Updated: Dec 8, 2020
As we begin to return to our office spaces in varying forms, it’s clear that virtual meetings and digital engagement will remain a part of our everyday operations, and we’ll need to continue to find ways to collaborate and be creative.
Middle of Six recently facilitated a panel discussion on this very topic. The webinar was moderated by our own Wendy Simmons and hosted by CREW Seattle. We invited three inspiring architects and designers who are leaders in their firms, and who are helping their teams navigate these changes to the way we work: Holli Smith, Senior Associate, TCF Architecture; Amber French, Principal, Johnston Architects; and Lori Robbin, Associate Principal, BCRA.
Watch the full webinar or read the summary below.
We asked our panelists to share their best ideas for creating collaborative environments while working remotely with both teams and clients. They offered approaches and techniques that are useful whether we come together virtually or in person, and we learned that the challenges we’re facing are also opportunities.
A poll of our panel audience on what they saw as their greatest barrier to creativity with the move to remote work revealed that 62% of people in attendance felt that limited face-to-face time was their biggest challenge. Here is what our panelists recommended.
Re-think old traditions and habits. This is a chance to consider what new activities or practices might better align with the times and how you have evolved as a team. Try brainstorming big, unreal/out of the box, crazy ideas, then pair them down to more manageable opportunities. We are in a time of change, and nothing is limiting us from what we can do for our communities and our clients moving forward.
Virtual meetings have leveled the playing field for collaborative conversations. Side conversations are not as much of an option and projects benefits because all parties are involved in the entire conversation
Engage the introverts on your team and have them sit in on meetings and interviews for professional development. Sitting in on meetings they wouldn’t normally attend gives them insight into the larger picture of project pursuit.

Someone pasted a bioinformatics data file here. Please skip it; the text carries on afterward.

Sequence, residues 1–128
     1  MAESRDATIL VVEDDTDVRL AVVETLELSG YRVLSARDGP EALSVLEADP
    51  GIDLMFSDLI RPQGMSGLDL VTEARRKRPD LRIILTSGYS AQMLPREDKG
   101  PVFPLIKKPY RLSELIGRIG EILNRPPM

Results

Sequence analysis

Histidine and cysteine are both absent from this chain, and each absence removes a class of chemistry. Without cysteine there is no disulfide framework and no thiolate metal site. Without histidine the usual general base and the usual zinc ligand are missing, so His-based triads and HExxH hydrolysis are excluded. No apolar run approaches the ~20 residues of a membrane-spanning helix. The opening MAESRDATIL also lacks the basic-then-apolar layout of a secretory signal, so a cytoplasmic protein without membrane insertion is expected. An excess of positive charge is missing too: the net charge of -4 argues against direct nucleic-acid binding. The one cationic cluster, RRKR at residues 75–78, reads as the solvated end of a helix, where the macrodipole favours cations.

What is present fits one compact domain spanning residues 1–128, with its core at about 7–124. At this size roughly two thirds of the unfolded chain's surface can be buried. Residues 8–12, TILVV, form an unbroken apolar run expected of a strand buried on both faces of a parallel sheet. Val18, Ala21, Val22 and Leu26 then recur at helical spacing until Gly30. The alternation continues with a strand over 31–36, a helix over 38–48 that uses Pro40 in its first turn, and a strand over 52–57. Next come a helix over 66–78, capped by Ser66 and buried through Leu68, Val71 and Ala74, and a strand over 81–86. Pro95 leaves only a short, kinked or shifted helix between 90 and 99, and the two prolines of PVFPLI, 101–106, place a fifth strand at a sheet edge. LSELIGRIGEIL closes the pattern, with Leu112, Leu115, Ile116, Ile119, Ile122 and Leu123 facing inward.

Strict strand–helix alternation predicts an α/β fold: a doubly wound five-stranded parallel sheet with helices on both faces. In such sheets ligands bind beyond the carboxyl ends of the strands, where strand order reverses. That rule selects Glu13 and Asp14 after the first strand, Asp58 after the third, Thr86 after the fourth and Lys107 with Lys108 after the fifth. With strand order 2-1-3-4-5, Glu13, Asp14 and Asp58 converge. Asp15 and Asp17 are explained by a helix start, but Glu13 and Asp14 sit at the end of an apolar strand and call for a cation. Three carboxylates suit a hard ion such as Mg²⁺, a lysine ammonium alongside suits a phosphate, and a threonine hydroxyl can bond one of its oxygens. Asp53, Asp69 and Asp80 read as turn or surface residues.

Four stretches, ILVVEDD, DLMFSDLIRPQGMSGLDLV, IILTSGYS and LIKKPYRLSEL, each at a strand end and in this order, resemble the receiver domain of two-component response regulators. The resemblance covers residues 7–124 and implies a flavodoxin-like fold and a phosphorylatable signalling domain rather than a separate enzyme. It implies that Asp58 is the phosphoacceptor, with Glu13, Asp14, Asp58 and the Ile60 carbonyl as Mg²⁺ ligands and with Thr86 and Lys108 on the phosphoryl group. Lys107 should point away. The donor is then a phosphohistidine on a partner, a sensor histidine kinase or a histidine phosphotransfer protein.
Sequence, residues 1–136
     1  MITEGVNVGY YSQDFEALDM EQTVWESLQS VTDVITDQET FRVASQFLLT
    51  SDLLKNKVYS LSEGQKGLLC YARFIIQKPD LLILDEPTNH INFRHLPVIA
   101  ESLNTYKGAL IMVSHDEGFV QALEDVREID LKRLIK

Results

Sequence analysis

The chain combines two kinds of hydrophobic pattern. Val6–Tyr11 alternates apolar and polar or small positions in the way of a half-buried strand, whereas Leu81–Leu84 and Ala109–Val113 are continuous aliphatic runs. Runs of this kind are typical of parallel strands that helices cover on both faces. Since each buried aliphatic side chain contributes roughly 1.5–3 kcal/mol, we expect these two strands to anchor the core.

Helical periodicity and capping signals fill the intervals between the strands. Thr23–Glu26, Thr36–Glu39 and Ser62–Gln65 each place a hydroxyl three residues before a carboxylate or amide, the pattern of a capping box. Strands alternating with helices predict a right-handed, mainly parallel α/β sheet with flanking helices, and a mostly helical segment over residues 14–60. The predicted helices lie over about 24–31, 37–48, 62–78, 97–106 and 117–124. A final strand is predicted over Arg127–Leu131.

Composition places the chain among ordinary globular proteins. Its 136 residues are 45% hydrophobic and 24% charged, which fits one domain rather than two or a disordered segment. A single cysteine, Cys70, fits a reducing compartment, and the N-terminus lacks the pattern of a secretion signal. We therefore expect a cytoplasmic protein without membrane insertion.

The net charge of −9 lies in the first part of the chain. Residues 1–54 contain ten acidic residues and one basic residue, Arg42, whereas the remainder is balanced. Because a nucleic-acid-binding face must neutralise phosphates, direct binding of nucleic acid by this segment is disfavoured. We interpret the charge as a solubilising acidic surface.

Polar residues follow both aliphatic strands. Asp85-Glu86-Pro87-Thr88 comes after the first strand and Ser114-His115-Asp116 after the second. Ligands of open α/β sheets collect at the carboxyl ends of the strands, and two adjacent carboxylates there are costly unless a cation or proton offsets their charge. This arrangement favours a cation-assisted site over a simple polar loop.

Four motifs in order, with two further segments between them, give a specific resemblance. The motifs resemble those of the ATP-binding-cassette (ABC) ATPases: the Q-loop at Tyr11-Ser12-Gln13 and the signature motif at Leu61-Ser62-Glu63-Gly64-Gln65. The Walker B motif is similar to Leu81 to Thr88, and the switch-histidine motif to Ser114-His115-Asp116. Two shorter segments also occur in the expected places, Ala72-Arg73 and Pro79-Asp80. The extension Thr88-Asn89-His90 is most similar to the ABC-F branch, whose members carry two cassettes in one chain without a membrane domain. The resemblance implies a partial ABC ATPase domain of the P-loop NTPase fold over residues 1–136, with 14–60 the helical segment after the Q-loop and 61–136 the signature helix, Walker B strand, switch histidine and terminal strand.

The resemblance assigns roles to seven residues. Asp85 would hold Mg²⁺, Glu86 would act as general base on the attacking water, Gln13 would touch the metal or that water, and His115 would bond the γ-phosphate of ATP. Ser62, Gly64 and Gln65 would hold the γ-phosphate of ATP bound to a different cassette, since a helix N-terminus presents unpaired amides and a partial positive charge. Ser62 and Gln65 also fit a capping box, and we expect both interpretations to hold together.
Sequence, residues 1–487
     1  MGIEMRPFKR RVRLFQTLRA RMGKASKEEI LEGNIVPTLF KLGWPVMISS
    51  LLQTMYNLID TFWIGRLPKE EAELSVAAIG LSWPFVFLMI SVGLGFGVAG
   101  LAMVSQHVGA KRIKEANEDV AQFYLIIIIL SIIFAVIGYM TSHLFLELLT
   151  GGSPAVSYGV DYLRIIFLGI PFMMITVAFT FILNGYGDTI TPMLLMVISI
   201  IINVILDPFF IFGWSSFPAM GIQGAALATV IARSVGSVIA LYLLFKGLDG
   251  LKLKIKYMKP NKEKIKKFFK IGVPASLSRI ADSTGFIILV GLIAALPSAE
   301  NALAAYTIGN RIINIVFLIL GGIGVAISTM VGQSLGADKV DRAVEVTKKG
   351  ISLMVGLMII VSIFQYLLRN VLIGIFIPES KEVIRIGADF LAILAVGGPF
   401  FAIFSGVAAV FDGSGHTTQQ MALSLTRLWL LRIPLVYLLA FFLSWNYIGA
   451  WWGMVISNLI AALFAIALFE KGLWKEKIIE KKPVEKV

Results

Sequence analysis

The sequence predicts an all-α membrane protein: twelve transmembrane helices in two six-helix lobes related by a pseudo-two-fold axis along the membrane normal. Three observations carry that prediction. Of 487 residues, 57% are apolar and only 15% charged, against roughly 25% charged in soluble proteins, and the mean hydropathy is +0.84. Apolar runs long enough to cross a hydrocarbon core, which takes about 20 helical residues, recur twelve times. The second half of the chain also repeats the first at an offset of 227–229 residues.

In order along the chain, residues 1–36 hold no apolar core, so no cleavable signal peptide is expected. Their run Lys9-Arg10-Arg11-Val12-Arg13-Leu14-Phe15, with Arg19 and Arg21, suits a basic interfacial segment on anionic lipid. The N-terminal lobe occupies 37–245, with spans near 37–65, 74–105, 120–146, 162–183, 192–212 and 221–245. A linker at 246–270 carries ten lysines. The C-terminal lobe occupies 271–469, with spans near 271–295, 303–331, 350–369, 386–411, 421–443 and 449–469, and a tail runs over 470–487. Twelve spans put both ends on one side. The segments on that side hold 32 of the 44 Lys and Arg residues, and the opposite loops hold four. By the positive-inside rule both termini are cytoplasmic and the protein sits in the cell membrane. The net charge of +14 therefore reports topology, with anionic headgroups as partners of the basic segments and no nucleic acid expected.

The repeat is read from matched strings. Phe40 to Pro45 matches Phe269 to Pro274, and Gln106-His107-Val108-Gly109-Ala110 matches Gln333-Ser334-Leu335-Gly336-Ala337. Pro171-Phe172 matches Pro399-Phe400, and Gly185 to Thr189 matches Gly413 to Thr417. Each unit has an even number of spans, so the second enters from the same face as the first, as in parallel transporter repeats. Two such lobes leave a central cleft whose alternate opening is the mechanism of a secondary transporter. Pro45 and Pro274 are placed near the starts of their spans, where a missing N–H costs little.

Virtual meetings require us to be more prepared and polished. More intention, more preparation, and more communication keep projects running smoothly. To get the most of your meeting:
Spend more time considering the meeting goals and send agendas beforehand.
Establish roles at the onset of the meeting.
Adjust responsibilities in interviews to help convey personalities and areas of responsibility.
Ask guests to join on video to create visual connections between attendees.
Facilitate engagement by calling people by name, especially those who may shy away from participating.
Ask good questions, and lots of them.
Consider breakout groups if you have groups larger than five to ensure all attendees are included in the conversation.
Think about other, simple “analog” tools such as old-fashioned whiteboards to convey information.
Employee 1:1 wellness check-ins are crucial. In a time where routines have been upended and face-to-face connection is limited, it’s more important than ever to look after the mental health of your team. Spend at least five minutes per month with each staff member to ask
How are you doing?
How can I support you?
What are you working on?
What resources do you need?
Use technology to support project progress. Checking in through chat apps is a good way to get a pulse on projects. Digital tools like Microsoft Teams, Slack, and Mural allow you to share and collaborate in real-time.
Create virtual spaces for staff to connect. Firms are creating “water cooler” channels where staff can support one another and have casual conversations with space to share photos, inspirational stories, weekend projects and activities, news articles, photography, etc.
Firm newsletters that include a question of the week or a person of the week help staff get to know one another better. Think about including a photo montage.
Weekly lunchtime project presentations increase awareness of the cadence of work in the firm.
“Zoom fatigue” is real. The usual best practices still apply but be creative and find opportunities to meet without having to sit in front of a computer.
Use the phone for 1:1 and staff check-ins.
Go for a group walk while using Zoom.
Prioritize your meetings.
Try to shorten the length.
Schedule reoccurring meetings at the same time to help everyone optimize their time.
The “new normal” will likely be quite different from firm to firm. Focusing on how we can be better companies, not being afraid to try new things, learning from our successes, and supporting each other through this challenging time will benefit our staff, our clients, and our communities.